Child Safety on Farms
Farms are great places for children to grow and develop, when we create a supportive environment, but safety for children on farms is a major concern. This led to the development of Farmsafe Australia's Child Safety on Farms: A Framework for a National Strategy and a program of work at AgHealth to address this issue.
Child farm injury
Approximately 20 children under 16 years are fatally injured on an Australian farm every year and many more are hospitalized or treated by General Practitioners across rural Australia.
The major causes of child deaths and injuries on farms are dams, farm vehicles, machinery, motorcycles and horses. Age and development characteristics also place children at greater risk.
A recent study by the National Farm Injury Data Centre (NFIDC) based at AgHealth of on-farm fatalities for the 2001-2004 period found that:
- Children (0-14yrs) make up 15-20% of farm injury deaths, around 2/3 are male. Main agents are:
- Drowning in dams (mostly under five year olds)
- Quad bikes or 4 wheeled motorbikes
- Farm vehicles (cars, utes)
- Around quarter of all child deaths were visitors to the farm, but for quad bikes around ½ are visitors
- Drowning accounts for around 35-40% on child farm deaths, with farm dams being by far the most common site.
There has been an improvement in the reduction of toddler drowning on farms in recent years – particularly a reduction of dam drownings, which have halved since the early nineties. However, drowning is still the number one cause of child farm fatality in Australia. A common scenario is that a toddler wanders away from the home un-noticed into farm water bodies or toward other farm hazards (vehicles, mobile machinery). Apart from dams, children can find their way into creeks, troughs, dips and channels. Children under five years are at greatest risk.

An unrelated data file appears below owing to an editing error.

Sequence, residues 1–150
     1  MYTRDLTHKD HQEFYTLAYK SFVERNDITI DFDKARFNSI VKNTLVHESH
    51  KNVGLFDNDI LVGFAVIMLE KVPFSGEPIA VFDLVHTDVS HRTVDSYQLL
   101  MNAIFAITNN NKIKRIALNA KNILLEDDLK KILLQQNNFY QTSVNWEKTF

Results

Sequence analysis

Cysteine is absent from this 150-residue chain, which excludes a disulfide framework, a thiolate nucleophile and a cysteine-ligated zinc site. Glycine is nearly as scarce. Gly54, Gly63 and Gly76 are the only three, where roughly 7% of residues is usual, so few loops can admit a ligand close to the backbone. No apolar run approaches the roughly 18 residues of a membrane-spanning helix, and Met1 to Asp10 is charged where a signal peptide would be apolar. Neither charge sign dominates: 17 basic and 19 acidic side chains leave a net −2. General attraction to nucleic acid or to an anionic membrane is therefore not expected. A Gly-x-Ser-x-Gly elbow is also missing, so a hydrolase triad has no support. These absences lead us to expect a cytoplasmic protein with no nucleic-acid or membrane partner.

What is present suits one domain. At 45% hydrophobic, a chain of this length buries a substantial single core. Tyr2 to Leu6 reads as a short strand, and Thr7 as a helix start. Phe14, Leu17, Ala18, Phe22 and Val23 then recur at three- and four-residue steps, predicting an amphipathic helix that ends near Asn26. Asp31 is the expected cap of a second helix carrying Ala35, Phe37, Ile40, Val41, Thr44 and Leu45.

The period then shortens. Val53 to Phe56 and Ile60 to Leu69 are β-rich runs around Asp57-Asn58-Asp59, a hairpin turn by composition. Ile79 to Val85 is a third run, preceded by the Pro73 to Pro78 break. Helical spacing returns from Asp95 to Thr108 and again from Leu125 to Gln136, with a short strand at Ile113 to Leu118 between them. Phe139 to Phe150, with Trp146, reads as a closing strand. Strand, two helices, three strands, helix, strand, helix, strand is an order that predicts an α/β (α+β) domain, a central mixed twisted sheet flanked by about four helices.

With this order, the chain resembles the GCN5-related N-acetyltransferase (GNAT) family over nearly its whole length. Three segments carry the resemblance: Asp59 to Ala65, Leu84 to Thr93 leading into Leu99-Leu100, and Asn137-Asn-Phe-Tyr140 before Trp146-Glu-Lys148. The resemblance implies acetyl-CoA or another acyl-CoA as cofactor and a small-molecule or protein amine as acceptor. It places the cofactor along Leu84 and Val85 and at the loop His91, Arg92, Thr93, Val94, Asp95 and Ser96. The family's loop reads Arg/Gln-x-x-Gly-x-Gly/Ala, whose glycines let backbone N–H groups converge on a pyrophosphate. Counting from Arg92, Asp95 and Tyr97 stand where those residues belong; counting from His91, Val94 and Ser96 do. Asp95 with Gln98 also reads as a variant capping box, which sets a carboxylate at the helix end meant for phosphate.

For non-fatal injury of children on farms, older children (5 -15 yrs) figure more prominently - particularly in relation to injury from 2 and 4 wheeled motorbikes (and horses). Whilst there tend to be more hospital ED presentations for 2 wheeled motorbikes, injuries from quad bikes are likely to be more severe or fatal, with 4 times as many children being killed off ATV’s than 2 wheel motorbikes on farms (NFIDC 2007).
Priorities for Child safety on farms:
Priorities for child safety on farms developed by AgHealth and Farmsafe Australia, based on research of effective solutions (see report) are for farm families to:
- Have a securely fenced house yard (safe play area) for children to play, unless an adult can closely supervise them on the farm; and ensure children:
- Always wear seatbelts and restraints when in cars, utes and trucks
- Don't ride on tractors, quad bikes of any size or in the back of utes
- Always wear helmets when riding bikes and horses
Whilst these are short-list priorities, families still need to identify and address other hazards and risks specific to their farm. Controlling these risks should commence with reducing hazards and designing for safety where possible. See below for further information.
Resources: The following publications developed by AgHealth relate to key child injury risks on farm and best practice safety recommendations.
A number of promotional items are also available on request, from AgHealth, such as the Horseplay poster, CSOF blue poster, CSOF summary leaflet and CSOF Fridge magnet . Research Reports relating to child safety canbe found on the NFIDC reports page.
More about Safe Play Areas…
With drowning being the number one risk for toddlers on farms, having a secure house yard or “safe play area” with child-resistant gates and latches, is especially important. The idea is to provide an access barrier between toddlers and farm hazards – much like a pool fence does, but in reverse. Whilst it is good to aim toward pool standard fencing (AS 1926.1 – 2007) this may not always be possible.
The principle is to make it difficult for young children to leave the house yard without an accompanying adult. All family members and visitors need to be alert to keep the area secure as well (eg. ensure gates are kept closed). Fences themselves need to be resistant to a child climbing through or over them (eg. solid or vertical rail, no footholes, 1.2 -1.5 m high, low ground clearance).
Having an interesting yard with play items such as sandpits and open-areas for ball play, can help as well. The Safe Play Area Resource (see link above), provides good ideas for keeping kids safe, active and engaged from a child development point of view. A Safe Play Area DVD is also available, from Farmsafe WA, based on a safe play demonstration site at Kojonup.
No supervision is perfect and there is no perfectly secure house yard fence. However, a combination of safe play areas with close and active supervision will help reduce the risk of toddler drownings and other farm injury to young children on farms and rural properties.
For further information contact:
Phone: 02 6752 8217